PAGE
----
As state and local authorities around the country continue to lift stay-at-home orders, the next challenge for businesses deemed “non-essential” under these orders is clear: How do we reopen safely during an ongoing pandemic? On June 17, the Occupational Safety and Health Administration (OSHA) set out its view on the question. The new OSHA guidance recommends a three-phase approach for reopening and lists nine “guiding principles” that employers should address in their reopening plans. During all three reopening phases, OSHA recommends that businesses implement strategies for basic hygiene, social distancing, identification and isolation of sick employees, workplace controls and flexibilities, and employee training. The OSHA guidance begins with this introduction: “[t]his guidance is not a standard or regulation, and it creates no new legal obligations. It contains recommendations as well as descriptions of mandatory safety and health standards. The recommendations are advisory in nature, informational in content, and are intended to assist employers in providing a safe and healthful workplace.”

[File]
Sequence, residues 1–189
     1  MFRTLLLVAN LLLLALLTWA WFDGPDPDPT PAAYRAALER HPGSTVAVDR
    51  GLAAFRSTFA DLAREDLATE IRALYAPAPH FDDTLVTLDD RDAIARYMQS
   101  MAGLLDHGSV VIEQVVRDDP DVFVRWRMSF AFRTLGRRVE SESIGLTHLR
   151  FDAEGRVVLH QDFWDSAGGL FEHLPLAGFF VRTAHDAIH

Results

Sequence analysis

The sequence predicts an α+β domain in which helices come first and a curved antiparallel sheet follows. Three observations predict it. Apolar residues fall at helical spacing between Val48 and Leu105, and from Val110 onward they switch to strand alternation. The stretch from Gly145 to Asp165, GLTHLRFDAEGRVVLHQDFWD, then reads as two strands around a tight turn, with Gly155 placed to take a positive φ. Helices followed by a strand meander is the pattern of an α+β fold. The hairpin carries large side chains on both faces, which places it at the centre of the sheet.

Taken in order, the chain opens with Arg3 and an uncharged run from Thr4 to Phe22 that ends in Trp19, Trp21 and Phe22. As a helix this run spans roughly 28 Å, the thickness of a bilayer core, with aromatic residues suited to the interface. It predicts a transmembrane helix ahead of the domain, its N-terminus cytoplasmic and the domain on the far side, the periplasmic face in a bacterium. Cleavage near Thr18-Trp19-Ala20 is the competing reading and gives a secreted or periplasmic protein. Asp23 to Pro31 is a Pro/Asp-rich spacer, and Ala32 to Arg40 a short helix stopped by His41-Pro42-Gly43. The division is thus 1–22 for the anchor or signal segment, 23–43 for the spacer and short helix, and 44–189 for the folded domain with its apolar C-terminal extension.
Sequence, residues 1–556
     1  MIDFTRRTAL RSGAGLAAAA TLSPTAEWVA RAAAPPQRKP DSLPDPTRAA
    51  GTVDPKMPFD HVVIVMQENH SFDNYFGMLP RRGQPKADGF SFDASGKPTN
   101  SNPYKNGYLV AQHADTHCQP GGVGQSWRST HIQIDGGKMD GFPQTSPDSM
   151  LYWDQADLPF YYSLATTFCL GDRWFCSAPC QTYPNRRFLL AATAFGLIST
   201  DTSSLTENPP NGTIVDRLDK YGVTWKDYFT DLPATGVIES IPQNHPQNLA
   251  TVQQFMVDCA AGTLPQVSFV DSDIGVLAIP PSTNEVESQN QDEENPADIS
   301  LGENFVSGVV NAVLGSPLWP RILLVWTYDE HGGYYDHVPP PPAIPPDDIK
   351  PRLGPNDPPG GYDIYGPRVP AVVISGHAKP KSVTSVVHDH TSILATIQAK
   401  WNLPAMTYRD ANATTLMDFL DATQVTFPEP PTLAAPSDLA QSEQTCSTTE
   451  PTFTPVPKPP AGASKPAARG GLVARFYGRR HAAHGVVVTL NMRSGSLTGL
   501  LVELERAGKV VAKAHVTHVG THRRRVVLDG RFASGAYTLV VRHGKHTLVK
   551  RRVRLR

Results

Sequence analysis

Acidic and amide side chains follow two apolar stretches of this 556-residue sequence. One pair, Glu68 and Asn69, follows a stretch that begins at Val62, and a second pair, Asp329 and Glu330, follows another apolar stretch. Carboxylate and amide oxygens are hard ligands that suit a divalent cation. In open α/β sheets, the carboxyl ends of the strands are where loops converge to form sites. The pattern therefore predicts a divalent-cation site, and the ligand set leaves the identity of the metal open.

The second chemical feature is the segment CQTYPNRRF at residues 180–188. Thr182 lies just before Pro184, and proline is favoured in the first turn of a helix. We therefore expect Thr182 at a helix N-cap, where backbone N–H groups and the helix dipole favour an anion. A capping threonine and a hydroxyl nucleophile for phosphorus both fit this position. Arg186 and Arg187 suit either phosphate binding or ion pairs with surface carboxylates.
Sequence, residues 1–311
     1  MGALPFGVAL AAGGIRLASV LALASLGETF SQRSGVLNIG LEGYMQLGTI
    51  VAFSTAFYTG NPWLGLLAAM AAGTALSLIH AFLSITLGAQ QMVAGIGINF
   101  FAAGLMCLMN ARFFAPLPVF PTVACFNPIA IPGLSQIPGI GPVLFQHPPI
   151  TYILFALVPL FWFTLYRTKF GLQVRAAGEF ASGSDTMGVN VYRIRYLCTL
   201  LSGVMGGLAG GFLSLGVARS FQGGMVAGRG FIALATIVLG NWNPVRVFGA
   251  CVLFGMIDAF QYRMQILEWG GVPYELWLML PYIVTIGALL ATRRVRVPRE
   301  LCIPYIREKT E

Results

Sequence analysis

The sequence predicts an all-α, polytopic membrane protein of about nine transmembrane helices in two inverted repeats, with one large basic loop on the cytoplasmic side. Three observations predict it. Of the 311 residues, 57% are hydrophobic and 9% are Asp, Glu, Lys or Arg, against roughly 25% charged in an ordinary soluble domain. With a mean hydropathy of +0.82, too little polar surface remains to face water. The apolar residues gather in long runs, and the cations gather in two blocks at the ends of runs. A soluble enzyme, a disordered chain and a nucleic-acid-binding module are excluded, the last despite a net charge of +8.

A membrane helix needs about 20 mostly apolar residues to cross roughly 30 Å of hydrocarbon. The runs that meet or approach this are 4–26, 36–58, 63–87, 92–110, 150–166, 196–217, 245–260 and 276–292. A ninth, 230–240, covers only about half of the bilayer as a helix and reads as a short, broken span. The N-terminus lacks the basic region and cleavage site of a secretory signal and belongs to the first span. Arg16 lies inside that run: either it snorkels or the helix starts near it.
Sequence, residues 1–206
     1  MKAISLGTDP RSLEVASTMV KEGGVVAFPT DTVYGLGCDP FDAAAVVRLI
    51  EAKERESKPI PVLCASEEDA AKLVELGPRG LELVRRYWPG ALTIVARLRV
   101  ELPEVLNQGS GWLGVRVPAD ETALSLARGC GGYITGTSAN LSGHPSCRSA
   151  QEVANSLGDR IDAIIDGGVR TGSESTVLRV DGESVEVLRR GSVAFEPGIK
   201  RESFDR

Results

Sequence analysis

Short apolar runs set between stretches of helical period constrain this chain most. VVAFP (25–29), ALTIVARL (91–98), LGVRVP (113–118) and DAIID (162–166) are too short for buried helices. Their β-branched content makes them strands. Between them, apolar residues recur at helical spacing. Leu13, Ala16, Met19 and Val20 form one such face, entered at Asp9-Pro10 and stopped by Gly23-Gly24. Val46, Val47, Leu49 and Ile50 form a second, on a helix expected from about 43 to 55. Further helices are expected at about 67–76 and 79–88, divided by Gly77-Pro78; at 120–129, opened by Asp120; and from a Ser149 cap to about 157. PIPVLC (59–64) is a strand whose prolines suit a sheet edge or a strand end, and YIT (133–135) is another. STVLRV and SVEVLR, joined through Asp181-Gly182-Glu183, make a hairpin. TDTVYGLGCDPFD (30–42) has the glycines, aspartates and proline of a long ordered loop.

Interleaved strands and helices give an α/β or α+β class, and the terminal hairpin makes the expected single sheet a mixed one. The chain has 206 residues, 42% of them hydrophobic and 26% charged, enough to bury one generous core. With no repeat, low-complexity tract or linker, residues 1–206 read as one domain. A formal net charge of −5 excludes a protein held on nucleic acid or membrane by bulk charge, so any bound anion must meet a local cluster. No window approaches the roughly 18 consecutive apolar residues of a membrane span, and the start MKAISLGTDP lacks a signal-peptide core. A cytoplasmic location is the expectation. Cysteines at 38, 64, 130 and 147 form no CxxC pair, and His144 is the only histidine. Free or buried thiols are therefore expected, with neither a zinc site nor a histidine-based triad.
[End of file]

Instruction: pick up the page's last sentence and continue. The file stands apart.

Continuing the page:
In Phase 1, OSHA suggests that businesses take the following measures:
Unfortunately, OSHA’s guidance does not offer any precise metrics for employers to determine when they should move from Phase 1 to Phase 2. Businesses should consider OSHA’s guiding principles (discussed below), continue to closely monitor local conditions, and heed the advice of state and local authorities when deciding to transition phases.
When an employer moves to Phase 2, OSHA suggests implementing these practices:
OSHA also does not offer guidance on when to move from Phase 2 to Phase 3. However, Phase 3 is a return to business as normal, so it is likely that businesses should only move to Phase 3 after the ongoing COVID-19 pandemic is substantially over.
OSHA’s guidance is clear that there is no one-size-fits-all reopening plan; each business will need to develop its own plan, one that takes into account the nature of the business itself and local conditions. To assist employers with developing these plans, OSHA’s guidance includes nine principles that every reopening plan should address and provides examples of how to implement those principles (review the guidance itself for examples). Here are those principles:
OSHA describes its guidance as supplemental to the Opening Up America Again guidance issued by the White House and Centers for Disease Control (CDC). Additional guidance from OSHA during the ongoing COVID-19 pandemic can be found on OSHA’s COVID-19 resource page.
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